Now the campaign aims to paint the Texan as a craven insider who lacks authenticity.
The three men leading Marco Rubio’s presidential campaign were huddled in a Las Vegas war room when Ted Cruz walked into their trap.
Their candidate had been sparring with his rival on the GOP debate stage for two hours already. But when Rubio ad-libbed an interrogation of Cruz’s past position on legalizing undocumented immigrants, they knew the Texas senator wouldn’t be able to contain himself.
“I have never supported legalization, and I do not intend to support legalization,” Cruz declared.
In that moment, Rubio campaign manager Terry Sullivan, top adviser Todd Harris and communications director Alex Conant recognized what they’d accomplished because they’d been planning this exchange all along. Not only had Cruz just contradicted his own statements from 2013, he’d used words that gave them the opening they had been wanting to turn their rival’s anti-establishment narrative on its head.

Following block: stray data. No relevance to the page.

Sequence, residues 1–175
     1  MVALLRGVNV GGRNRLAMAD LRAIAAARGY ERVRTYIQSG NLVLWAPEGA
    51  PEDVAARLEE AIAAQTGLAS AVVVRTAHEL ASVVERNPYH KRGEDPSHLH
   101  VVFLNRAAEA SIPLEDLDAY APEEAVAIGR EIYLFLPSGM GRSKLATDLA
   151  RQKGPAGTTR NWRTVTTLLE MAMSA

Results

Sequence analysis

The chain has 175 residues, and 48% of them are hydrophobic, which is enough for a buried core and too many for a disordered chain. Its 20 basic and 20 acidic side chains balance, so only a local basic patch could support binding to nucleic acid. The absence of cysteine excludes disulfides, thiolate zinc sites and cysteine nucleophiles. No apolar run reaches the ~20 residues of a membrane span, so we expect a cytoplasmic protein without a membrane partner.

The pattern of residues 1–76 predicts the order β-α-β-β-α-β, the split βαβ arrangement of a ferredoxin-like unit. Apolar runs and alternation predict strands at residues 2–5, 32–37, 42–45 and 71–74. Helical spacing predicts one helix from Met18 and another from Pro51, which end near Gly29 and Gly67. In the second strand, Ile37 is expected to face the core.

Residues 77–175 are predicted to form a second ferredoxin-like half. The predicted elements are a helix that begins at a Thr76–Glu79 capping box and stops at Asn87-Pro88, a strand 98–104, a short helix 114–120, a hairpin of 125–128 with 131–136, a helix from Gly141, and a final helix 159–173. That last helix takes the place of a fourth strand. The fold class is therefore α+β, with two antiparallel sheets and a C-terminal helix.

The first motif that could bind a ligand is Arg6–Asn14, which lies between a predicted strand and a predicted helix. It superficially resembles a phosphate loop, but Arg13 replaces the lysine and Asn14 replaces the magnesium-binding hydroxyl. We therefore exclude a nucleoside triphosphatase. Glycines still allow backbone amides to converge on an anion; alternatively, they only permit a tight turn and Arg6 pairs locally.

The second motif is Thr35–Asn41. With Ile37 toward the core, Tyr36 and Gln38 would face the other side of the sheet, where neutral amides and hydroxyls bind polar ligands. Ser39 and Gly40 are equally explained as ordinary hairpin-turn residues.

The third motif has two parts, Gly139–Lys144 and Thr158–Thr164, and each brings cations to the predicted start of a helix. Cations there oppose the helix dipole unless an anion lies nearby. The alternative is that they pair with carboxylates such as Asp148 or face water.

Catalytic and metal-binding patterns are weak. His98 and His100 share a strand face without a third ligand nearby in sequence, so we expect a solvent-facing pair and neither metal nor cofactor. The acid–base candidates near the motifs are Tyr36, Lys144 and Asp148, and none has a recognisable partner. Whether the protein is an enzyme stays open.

Joe Pounder, the GOP opposition research guru who recently joined Rubio’s campaign, was sitting back in Washington on a stockpile of quotes and video clips of Cruz’s 2013 statements. And they didn’t even have to talk about it.
The decision was made: It’s time to launch.
Immediately, the campaign readied a response that was months in the making. Donors’ inboxes rang with emails recapping the exchange with Cruz, while reporters received opposition research backing up Rubio’s claim that Cruz had shifted his position. And the next morning, Rubio appeared on Fox News and seized on the ambiguity Cruz had left him.
Cruz went hours before responding during a news conference in California. Then he appeared Wednesday evening on Fox News and stammered as he struggled to square his support for his own 2013 amendment, which scrapped the bill’s full pathway to citizenship for undocumented immigrants but left open a path to legal status, with his current statement that he’s never supported legalization.
By Eli Stokols for Politico.com.
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